TWO families have described their fears at being left dangling 30ft above a ski resort for more than an hour when the chairlift they were on broke down.

Their ordeal began after three open lift cars crashed to the ground at the Lecht ski centre on Tuesday – leaving five children and one adult with leg and spinal injuries.

The lifts remained closed yesterday as bad weather hampered an investigation into the cause of the incident.

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Witnesses say three cars had bunched up at a support pylon before proceeding up the hill, but when another three cars did the same thing there was a crunching noise as a cable carrying them came off the pylon.

Iain Troup, 33, a commercial manager from Kintore near Aberdeen, and his six-year-old son Cameron were among more than 30 people stranded when the chairlift ground to a stop.

He said: "The cars began jumping up and down. That's when I realised something quite serious had happened.

"It was really pretty scary, particularly for the children. I had my young son Cameron with me. He had been on his first snowboarding lesson."

Mr Troup said he saw something was wrong at one of the support pylons and someone in the car ahead of them shouted he did not think it looked good.

He added: "Everybody was getting worried. We were concerned, to put it mildly. My main concern was Cameron's lips were turning blue. He was terrified and freezing. He kept saying 'daddy are we going to fall? Are we going to get hurt?'

"There was a big loop in the cable after the cars crashed, but we were okay because we were counter-balanced.

"They dealt with the injured people first, then came to the rest of us one by one. There was a guy on a sort of pulley who swung his way down to each car to make sure each person was properly in the harness before they were lowered to the ground one at a time.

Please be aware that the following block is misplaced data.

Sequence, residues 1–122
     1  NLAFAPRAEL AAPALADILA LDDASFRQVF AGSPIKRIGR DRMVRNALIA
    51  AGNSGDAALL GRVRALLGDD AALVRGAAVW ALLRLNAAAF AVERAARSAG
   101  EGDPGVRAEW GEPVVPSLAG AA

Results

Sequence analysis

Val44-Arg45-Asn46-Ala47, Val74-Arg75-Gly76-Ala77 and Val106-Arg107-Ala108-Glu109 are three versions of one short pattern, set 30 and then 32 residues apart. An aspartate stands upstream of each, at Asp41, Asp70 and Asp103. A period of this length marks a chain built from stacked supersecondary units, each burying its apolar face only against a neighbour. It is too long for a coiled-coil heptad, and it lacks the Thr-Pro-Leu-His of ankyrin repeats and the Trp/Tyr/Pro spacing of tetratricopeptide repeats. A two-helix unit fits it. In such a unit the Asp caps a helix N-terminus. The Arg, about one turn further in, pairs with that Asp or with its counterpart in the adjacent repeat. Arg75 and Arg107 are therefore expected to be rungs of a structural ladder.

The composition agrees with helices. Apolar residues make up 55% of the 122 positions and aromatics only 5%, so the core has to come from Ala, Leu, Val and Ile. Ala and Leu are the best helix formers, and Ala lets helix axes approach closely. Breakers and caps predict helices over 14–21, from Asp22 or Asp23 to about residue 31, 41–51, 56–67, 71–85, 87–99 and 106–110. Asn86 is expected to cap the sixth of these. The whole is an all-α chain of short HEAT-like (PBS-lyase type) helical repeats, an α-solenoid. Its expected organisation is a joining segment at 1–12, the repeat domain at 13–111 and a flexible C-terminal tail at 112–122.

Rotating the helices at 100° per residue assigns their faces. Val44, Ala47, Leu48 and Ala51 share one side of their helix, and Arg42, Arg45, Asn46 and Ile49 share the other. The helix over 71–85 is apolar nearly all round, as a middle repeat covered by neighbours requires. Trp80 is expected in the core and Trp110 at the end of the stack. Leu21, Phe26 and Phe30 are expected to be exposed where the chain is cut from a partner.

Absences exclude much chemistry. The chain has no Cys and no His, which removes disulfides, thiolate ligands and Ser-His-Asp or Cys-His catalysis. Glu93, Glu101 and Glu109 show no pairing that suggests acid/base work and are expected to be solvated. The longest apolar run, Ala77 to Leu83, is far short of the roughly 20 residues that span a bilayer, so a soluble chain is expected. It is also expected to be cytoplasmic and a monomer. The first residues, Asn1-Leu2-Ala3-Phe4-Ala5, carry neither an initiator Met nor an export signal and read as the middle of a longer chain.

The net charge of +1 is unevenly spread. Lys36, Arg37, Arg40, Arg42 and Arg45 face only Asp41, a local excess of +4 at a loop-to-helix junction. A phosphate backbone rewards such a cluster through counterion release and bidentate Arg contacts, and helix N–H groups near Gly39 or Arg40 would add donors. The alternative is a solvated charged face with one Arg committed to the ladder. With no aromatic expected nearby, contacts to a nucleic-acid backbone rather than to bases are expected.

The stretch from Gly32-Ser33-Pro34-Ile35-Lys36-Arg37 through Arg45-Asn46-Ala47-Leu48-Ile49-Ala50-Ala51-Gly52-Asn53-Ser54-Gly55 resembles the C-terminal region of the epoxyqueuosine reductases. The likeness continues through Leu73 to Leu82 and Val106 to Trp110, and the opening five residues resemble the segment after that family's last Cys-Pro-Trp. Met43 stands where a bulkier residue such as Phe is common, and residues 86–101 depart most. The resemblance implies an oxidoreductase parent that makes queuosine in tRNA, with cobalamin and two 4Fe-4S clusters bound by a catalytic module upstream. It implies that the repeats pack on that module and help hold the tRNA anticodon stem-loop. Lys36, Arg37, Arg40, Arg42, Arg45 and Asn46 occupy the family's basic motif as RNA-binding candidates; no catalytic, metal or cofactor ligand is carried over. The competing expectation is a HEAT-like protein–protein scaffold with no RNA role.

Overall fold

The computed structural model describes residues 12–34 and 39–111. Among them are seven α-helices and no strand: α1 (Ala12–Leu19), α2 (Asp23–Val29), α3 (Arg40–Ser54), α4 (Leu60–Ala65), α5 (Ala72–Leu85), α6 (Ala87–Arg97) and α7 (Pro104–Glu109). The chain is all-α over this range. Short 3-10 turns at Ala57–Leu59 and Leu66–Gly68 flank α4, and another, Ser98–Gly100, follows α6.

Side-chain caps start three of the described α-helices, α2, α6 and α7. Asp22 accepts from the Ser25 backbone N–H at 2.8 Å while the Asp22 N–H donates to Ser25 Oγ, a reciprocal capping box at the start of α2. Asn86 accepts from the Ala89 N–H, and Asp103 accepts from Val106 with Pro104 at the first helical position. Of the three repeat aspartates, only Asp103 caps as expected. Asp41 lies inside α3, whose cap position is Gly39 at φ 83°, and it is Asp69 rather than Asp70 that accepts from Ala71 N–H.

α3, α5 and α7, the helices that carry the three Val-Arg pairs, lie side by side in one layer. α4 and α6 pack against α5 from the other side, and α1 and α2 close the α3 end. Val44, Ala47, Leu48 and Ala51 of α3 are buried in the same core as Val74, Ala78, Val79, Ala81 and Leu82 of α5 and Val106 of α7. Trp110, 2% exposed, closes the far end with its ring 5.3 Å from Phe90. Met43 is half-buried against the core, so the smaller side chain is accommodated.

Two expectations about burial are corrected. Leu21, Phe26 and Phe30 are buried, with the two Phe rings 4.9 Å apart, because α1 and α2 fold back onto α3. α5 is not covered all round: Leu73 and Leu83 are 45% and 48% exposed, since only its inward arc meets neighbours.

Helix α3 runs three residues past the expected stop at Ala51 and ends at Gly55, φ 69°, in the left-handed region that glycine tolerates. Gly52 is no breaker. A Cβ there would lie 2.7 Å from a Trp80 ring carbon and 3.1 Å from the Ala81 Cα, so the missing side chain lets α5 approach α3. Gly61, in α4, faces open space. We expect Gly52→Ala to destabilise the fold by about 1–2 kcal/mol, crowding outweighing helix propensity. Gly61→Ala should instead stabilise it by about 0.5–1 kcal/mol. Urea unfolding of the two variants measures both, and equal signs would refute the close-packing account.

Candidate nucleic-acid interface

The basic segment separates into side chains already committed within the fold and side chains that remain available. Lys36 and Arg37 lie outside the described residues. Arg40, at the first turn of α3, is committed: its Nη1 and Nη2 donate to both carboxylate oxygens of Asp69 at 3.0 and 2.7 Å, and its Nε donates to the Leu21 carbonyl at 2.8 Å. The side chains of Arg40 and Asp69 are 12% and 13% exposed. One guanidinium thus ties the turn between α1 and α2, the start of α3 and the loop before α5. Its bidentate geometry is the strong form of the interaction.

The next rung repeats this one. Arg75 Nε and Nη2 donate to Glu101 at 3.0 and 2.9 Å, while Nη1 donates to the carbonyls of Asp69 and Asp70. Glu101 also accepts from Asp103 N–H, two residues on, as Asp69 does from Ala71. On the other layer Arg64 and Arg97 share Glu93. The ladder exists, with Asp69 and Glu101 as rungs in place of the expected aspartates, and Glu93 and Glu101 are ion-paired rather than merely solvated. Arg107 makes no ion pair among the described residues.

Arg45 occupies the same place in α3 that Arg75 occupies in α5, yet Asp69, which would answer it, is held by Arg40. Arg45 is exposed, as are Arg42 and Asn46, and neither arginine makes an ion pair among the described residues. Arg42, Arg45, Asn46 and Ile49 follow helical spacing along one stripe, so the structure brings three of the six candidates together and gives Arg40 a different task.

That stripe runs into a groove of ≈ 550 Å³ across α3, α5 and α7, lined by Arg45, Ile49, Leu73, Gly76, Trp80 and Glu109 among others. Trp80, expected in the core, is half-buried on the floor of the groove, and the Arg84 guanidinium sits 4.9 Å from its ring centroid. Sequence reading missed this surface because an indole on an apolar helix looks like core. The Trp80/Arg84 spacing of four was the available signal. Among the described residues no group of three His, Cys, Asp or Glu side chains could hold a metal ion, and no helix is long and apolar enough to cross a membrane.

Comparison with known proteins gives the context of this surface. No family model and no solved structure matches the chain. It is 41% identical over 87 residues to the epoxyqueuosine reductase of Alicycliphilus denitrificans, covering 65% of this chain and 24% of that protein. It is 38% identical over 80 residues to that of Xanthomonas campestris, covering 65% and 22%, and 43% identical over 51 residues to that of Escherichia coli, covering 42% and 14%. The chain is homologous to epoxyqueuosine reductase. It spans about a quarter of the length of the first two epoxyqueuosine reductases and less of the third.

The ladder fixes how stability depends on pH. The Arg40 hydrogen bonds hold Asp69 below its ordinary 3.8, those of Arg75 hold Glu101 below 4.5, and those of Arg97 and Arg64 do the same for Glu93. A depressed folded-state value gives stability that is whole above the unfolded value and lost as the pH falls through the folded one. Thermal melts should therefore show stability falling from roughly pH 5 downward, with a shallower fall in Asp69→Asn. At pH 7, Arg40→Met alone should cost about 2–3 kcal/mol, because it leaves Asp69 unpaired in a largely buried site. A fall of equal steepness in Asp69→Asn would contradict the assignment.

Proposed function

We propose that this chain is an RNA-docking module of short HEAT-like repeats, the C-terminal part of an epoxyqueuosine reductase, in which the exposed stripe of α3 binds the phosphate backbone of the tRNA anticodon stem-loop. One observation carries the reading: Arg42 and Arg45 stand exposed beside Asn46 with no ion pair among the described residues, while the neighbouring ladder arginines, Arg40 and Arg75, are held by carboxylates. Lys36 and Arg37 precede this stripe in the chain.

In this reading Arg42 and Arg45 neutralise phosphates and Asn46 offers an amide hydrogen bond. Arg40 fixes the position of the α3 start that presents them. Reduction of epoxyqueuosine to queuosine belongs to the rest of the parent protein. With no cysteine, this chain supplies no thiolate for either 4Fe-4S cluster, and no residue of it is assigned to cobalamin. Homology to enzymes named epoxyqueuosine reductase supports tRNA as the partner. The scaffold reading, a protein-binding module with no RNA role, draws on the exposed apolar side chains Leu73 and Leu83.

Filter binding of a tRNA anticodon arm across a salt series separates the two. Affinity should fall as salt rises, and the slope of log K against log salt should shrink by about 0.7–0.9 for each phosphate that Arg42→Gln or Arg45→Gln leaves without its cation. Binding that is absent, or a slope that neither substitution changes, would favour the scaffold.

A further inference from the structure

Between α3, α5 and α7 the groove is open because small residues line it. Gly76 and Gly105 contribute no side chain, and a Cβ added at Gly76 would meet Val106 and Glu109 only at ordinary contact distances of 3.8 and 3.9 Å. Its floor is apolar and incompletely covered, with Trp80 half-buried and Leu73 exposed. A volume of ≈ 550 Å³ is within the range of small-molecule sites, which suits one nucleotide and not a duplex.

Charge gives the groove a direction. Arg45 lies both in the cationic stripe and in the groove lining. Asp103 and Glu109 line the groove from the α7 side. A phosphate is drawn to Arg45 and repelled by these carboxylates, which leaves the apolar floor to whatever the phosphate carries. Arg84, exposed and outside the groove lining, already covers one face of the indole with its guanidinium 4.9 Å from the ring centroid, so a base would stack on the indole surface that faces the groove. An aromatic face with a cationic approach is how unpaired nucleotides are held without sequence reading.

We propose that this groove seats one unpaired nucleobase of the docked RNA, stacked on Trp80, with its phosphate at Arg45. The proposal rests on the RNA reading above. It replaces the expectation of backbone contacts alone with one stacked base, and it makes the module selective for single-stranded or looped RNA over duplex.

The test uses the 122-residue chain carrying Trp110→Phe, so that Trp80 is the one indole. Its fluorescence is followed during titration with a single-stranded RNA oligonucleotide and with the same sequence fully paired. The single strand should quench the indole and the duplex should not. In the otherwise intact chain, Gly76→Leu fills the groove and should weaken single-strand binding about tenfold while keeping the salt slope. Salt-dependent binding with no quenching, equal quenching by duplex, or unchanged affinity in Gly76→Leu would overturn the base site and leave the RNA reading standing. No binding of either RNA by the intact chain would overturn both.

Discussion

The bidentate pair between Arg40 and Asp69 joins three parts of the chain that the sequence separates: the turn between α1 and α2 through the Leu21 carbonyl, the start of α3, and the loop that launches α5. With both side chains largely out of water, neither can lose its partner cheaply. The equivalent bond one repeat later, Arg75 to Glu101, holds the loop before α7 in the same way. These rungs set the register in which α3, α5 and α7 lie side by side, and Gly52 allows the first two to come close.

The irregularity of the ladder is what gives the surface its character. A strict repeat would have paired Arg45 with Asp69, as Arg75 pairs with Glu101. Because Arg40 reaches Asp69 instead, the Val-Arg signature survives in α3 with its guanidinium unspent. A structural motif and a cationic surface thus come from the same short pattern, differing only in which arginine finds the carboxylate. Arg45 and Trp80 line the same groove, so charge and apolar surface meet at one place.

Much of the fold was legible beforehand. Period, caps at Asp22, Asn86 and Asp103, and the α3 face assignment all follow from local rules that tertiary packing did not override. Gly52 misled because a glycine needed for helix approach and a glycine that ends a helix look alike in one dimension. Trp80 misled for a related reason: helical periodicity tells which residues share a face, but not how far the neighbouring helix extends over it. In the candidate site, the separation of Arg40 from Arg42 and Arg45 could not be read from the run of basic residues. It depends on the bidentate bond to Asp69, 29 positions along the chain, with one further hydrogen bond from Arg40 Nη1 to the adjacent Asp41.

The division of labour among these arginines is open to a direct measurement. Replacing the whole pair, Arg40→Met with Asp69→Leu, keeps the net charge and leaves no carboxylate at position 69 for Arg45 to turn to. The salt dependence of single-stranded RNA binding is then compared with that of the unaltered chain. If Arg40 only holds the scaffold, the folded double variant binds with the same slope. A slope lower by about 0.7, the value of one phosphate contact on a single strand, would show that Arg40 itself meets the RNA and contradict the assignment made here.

"Cameron went first. He was excited because I told him Fireman Sam was coming to get him down. We were maybe an hour and 10 minutes in the chairlift before we got down."

Theresa Bastiman-Davies, from Reading, was stranded with her eight-year-old son. Her husband, Stephen, was on the ground with another child and took a photograph – used in later editions of yesterday's Herald –that showed rescuers freeing the pair. Mrs Bastiman-Davies said: "The chairlift suddenly stopped and I could see something nasty had happened. We did not know what was going on. It was very, very cold. The wind was blowing through us. But we were calm. We just had to cuddle up, and sit there and wait."

The severe winter weather has hampered the start of investigations into the accident by the Health and Safety Executive and Grampian Police.

Two of the injured children were discharged from the Royal Aberdeen Children's Hospital yesterday. NHS Grampian said one adult and two children were still in hospital for treatment and were in a satisfactory condition. The fifth child was taken to Raigmore Hospital in Inverness and is recovering well.

In a statement, the Lecht Ski Company praised several doctors skiing at the centre who joined its trained ski patrols in helping at the scene. It said staff trained regularly for such situations, describing it as a textbook rescue.

"We are determined to find out why this incident happened and to ensure the Lecht continues to offer safe sport," it added.